And finally, by the same token, they are perfect distractions from reality. American readers, at least, could hardly have failed to notice the transgender toilet controversy. But how many of us are even aware of evidence published earlier this month that warming is already reducing the availability of oxygen in the oceans, and that this effect will probably be widespread by the 2030s?
We could be talking about the erosion of democracy, looming water shortages in the US and Asia, the unstable world banking system, climate change, and the facts of economic inequality. Or we could be talking about who is allowed to use which bathroom. If you were a North Carolina legislator, which would you prefer?
I too would like to simply replace fossil fuels with renewables, but nature doesn’t care about what you or I would like, and renewables don’t have enough power per unit area. If you think you can phase out fossil fuels in densely populated countries without phasing in nuclear, please show me your arithmetic. David Mackay’s full book and 10 page synopsis are available (in English and several other languages) here (free download)
[See however https://www.gov.uk/government/uploads/system/uploads/attachment_data/file/511939/Renewables.pdf (h/t Michael Reiss); renewables according to this source already generate 24% of the UK’s electricity requirements; not of course the same as total energy requirements, but not negligible either]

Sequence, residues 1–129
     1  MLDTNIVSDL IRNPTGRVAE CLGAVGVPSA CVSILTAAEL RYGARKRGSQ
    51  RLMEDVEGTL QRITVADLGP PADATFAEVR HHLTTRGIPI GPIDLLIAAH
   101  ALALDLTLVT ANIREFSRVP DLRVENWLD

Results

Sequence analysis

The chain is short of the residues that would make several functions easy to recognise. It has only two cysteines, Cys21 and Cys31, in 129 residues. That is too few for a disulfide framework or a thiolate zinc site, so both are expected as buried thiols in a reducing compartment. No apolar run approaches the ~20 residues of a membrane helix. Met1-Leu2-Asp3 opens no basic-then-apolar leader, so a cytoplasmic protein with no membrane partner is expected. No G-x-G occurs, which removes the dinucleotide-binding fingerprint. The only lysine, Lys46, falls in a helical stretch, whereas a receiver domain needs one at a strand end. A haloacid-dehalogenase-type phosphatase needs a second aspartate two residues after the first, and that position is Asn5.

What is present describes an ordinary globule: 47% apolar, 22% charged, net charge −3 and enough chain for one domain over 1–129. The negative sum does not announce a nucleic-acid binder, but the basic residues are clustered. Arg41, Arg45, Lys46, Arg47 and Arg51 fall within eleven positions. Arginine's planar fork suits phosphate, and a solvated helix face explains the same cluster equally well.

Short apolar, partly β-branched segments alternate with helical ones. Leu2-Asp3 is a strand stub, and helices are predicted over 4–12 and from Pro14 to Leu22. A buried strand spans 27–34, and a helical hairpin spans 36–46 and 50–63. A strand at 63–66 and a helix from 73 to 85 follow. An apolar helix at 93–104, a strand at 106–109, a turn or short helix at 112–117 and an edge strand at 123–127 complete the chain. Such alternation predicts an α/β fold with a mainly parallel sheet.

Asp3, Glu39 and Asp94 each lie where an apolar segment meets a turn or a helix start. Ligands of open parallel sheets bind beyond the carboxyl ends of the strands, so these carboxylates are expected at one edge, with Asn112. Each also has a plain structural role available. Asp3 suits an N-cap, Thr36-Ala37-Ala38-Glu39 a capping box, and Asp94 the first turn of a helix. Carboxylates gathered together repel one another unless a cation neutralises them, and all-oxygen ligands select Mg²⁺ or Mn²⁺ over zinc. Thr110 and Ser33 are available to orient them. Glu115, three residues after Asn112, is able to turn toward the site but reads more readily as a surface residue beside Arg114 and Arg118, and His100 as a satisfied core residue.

h/t Michael Roberts
“I’m not pro-nuclear- just pro-arithmetic”.
The cause for a rational evidence-based approach to energy policy has suffered a huge loss with the death of Professor David Mackay three weeks ago, on April 14th.
Mackay, Chief Scientific Advisor at the UK government’s Department of Energy and Climate Change, was the author of Sustainable Energy Without Hot Air, a key text that has been my number one stop to point folks to as a starting point for understanding energy supply and demand. In particular, I have frequently cited this table which explains very well the limitations of wind and solar energy due to their relatively low energy density:
Based on these figures, population and current energy demand, MacKay calculates that Britain cannot live on its own renewables- they simply need too much land.
By contrast to the 2-20W/m2 that can be achieved through wind or solar pv power, fossil fuels or…